ROBERT GEORGE HOGARTH
President of the Nottingham Medico-
Robert George Hogarth:-
Medical Directory 1915
Robert George Hogarth (1868 -
Robert George Hogarth was a Scotsman, native of the Border County of Berwickshire, and was born on May 15th, 1868. He was educated at Felstead School, and went on for his medical training to St. Bartholomew’s Hospital, London, qualifying in 1891. After holding various resident appointments at St. Bartholomew’s and a post as house-
Before he came to the presidency of the British Medical Association he was chairman of the Nottingham Division and in the same year president of the Midland Branch. He served for three years on the Central Council, and in recognition of his services was elected a Vice President. After his tenure of office he rendered some valuable assistance to the Association in the conference concerning patients which was set up in 1931-
In his younger days Hogarth was a great sportsman. He played football with some famous teams, including the Corinthians and the London Caledonians, and occasionally he played for Wolverhampton Wanderers. He was also at one time a noted sprinter and jumper, winning the amateur long-
In 1897 he married a Nottingham lady, Miss Mabel Winifred Lynam, by whom he had one son who died on active service in Italy as a Major in the Grenadier Guards on the 19th July, 1944. His wife was to die a year before him in 1952 after 55 years of marriage. In an obituary to Mr. Hogarth it said:-
In the opening of the same obituary in the British Medical Journal for July of that year it said:-
In a personal tribute to Mr. R. G. Hogarth, Dr. J. Wilkie Scott said of him:-
His career in Nottinghamshire was an outstanding one, and of no one could be more truly that he had the ball at his feet from the start. He was accustomed to say that he owed his appointments as house physician and house surgeon at St. Bartholomew’s to his prowess for the hospital at football, cricket, and athletics. Probably there were more weighty reasons and it may just have been his way of speaking, for Hogarth was ever aware that bare facts were made more piquant by the addition of a little flavour. He certainly had a brilliant record as an athlete. In his last year at Felsted he won the 100 and 220 yard, the quarter mile, and the long and high jumps. At Bart’s he was captain of the cricket and football teams and also of United Hospitals; and he played for various first class football clubs. The trophy he prized the most was the medal awarded him for the open amateur long jump in 1890. During a boyhood spent in the Border Country he acquired proficiency in fishing and shooting, and he retained a love of these throughout his life.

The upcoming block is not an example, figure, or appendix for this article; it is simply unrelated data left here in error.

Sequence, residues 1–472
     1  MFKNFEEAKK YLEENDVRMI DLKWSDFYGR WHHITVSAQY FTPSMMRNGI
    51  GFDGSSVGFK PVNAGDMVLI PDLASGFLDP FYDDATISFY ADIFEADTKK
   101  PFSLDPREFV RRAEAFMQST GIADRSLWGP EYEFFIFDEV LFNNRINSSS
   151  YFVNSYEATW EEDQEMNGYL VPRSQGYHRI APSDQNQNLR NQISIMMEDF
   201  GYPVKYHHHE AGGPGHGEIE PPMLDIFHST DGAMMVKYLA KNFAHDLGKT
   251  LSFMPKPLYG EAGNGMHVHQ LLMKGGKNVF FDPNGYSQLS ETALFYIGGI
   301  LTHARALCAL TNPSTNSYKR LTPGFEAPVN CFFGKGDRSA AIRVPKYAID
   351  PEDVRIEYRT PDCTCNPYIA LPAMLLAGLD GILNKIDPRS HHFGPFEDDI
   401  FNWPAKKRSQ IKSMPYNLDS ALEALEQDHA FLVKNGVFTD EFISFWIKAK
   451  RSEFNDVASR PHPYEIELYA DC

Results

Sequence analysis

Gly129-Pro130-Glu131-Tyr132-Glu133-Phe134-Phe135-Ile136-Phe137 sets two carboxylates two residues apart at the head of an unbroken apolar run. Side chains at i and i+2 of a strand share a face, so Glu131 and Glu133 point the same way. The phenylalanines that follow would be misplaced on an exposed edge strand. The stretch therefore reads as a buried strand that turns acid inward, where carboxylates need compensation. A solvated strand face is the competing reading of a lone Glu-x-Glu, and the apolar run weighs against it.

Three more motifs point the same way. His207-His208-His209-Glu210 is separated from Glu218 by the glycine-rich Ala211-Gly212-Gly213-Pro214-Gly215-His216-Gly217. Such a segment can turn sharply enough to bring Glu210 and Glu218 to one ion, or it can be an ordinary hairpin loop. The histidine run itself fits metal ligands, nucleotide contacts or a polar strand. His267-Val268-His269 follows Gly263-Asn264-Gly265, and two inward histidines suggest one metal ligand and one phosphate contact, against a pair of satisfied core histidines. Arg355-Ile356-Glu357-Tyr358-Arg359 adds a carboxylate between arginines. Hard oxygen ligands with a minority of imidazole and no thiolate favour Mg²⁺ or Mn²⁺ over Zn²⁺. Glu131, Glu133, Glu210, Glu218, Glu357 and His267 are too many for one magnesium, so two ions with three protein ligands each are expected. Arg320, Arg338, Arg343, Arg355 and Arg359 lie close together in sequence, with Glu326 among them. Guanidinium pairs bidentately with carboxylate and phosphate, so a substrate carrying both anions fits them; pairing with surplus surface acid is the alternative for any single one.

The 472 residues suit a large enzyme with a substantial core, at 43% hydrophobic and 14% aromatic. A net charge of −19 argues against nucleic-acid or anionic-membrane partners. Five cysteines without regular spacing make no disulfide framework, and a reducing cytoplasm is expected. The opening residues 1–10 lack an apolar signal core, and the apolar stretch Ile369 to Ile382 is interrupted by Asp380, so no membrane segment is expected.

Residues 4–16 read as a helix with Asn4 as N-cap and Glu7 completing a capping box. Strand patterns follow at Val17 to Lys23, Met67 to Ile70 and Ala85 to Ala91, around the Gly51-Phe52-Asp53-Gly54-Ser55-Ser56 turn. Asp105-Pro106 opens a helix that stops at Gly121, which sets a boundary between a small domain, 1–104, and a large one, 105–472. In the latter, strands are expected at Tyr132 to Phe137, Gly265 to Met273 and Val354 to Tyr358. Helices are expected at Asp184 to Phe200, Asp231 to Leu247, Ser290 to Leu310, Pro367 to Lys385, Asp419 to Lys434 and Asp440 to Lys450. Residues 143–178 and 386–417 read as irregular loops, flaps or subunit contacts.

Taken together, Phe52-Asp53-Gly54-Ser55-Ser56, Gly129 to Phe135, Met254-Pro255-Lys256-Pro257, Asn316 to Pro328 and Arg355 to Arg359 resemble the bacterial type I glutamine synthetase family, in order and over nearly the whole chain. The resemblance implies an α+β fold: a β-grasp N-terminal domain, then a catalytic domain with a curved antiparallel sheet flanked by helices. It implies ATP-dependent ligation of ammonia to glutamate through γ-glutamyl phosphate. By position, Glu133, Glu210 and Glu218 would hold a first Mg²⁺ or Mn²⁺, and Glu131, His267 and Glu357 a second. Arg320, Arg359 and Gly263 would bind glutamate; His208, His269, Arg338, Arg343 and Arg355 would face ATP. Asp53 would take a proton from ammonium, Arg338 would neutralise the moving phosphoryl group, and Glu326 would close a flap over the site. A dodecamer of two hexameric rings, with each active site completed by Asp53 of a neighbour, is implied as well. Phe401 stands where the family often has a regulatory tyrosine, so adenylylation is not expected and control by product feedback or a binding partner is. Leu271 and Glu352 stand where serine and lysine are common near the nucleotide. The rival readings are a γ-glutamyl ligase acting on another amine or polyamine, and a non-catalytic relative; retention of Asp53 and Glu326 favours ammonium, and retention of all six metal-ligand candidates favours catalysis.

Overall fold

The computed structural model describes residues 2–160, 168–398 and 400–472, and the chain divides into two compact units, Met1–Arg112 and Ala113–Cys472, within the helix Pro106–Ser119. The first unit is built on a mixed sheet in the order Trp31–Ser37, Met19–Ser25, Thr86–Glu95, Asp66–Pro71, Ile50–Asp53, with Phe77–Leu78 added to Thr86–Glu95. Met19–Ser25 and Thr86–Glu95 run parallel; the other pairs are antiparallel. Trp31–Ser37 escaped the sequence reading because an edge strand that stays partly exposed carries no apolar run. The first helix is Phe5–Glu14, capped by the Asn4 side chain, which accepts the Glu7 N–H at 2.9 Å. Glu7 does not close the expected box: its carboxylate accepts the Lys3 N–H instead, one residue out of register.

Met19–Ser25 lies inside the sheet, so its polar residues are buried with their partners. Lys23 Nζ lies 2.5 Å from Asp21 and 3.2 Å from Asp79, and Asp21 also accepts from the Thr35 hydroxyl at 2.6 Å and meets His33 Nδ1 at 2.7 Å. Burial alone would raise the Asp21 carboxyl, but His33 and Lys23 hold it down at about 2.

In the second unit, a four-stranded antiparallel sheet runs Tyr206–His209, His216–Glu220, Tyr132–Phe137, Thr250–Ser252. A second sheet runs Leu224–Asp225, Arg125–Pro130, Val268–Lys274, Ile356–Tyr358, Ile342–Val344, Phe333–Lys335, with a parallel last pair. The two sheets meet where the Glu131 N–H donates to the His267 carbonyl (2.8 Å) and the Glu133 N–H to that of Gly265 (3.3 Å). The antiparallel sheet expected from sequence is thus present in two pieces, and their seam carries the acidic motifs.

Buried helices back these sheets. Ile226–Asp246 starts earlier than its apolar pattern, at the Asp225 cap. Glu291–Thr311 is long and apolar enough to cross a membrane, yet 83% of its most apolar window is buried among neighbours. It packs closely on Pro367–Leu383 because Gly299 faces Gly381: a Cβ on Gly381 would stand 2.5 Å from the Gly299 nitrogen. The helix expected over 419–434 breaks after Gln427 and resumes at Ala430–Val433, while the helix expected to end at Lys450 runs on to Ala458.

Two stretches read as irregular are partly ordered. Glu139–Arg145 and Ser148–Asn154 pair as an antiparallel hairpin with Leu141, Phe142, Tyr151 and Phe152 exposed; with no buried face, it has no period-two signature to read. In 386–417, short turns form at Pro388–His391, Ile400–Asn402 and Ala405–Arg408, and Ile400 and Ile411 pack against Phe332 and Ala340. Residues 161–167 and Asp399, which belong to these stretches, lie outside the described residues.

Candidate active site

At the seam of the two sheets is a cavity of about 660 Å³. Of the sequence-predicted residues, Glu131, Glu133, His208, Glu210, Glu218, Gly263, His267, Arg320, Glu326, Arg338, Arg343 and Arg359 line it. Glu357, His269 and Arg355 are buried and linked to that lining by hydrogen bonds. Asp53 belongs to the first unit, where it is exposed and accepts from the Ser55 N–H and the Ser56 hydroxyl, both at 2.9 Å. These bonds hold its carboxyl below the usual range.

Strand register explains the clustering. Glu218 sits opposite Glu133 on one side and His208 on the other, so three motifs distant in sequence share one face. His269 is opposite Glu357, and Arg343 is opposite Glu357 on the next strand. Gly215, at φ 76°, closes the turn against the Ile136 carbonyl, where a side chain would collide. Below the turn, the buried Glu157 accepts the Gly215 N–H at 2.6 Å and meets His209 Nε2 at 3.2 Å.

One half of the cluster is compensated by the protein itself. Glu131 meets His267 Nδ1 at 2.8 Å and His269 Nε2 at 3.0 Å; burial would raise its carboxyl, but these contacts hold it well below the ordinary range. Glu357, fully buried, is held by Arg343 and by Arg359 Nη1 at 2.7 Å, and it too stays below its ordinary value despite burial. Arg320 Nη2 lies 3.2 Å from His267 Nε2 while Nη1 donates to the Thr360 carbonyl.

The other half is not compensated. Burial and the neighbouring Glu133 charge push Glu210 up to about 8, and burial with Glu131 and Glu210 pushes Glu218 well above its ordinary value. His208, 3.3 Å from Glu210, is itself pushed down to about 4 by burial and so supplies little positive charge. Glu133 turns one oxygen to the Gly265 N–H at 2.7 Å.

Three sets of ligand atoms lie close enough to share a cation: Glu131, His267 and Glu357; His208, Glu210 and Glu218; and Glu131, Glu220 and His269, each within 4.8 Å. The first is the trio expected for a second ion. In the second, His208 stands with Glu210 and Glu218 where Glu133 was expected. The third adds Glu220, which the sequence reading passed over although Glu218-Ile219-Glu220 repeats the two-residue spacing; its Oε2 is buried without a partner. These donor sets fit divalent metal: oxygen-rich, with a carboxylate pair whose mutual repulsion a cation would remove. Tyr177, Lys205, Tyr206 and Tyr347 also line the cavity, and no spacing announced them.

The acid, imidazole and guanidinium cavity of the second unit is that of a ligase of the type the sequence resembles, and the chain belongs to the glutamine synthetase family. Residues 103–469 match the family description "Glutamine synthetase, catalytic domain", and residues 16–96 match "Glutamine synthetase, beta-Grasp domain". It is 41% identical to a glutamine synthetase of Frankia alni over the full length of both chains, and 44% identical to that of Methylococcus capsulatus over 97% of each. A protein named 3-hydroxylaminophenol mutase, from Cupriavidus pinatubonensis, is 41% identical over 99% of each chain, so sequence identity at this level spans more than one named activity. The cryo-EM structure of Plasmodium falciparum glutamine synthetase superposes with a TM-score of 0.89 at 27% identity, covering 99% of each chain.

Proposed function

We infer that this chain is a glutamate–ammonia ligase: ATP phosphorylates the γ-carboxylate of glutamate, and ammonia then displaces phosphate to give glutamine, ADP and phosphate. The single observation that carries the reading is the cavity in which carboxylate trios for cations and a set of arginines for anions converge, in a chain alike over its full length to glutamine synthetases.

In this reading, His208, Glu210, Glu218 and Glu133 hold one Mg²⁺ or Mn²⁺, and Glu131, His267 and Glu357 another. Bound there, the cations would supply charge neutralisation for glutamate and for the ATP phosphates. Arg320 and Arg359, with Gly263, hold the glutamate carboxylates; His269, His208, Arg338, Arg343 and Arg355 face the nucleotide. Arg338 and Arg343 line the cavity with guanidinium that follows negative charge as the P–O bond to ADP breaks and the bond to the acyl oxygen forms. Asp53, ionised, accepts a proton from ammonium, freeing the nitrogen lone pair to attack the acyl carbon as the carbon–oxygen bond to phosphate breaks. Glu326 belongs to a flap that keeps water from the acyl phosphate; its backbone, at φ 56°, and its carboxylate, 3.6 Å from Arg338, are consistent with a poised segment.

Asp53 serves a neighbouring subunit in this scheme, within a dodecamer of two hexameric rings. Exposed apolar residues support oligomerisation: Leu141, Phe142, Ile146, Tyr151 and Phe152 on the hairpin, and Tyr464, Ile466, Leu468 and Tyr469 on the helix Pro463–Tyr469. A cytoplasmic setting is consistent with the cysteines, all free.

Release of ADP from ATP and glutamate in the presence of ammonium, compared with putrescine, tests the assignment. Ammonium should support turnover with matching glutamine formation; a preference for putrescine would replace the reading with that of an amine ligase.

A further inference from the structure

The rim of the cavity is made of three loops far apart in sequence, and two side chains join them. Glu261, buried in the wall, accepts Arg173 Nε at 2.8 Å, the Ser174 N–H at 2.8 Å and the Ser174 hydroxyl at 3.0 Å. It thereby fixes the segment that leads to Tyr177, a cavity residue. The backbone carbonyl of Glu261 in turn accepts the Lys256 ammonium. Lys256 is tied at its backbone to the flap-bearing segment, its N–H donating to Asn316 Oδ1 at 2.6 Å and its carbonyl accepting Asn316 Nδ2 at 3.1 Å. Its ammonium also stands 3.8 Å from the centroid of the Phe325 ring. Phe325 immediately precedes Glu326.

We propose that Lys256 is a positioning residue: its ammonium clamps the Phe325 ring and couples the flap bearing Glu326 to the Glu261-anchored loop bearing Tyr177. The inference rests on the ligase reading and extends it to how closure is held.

Despite his love of and skill at sports Hogarth was never deflected from his ambition to attain success in life and in surgery in particular. Indeed, his proficiency on the field of sport helped him on his way, bringing him hosts of friends and even to some extent shaping his future. His appointments as surgeon to the Nottingham Forest and Nott’s County Football Clubs led him to take an increasing interest in the treatment of injuries, fractures and joint affections, and his services were often required for accidents in the hunting field. He was largely concerned with the inauguration of the Cripples’ Guild, from which emerged the now well known Harlow Wood Orthopaedic Hospital.
Success came to him quickly. His reputation as a skillful operator and as one having cautious and careful judgment spread, and before long he had a magnificent surgical practice. In his presidential address to the British Medical Association in 1926 on “The Medical Practitioner and the Public” he showed remarkable foresight of the shape of things to come. He took the opportunity to advocate such measures as the provision of wards for paying patients and the extension of contributory schemes to meet the rising costs of hospitals and so possibly enable them to be preserved on a voluntary basis. It was only after the lapse of some years and in the face of opposition that these projects were achieved in the county. He had the rare honour for a provincial surgeon not attached to a teaching hospital of being elected to the Council of the Royal College of Surgeons of England. Other distinctions came his way, and he was frankly appreciative of them. In his book of reminiscences, written in unpretentious vein, he looks back upon a life of very varied interests, and pays tribute to many who were his friends and helped him on his way. It seems strange that one of his greatest friends, from whom he derived much inspiration Victor Bonney, should have died within a few days of him.
B.M.J., July 14th, 1953, page 47/8 & July 25th, 1953, page 228.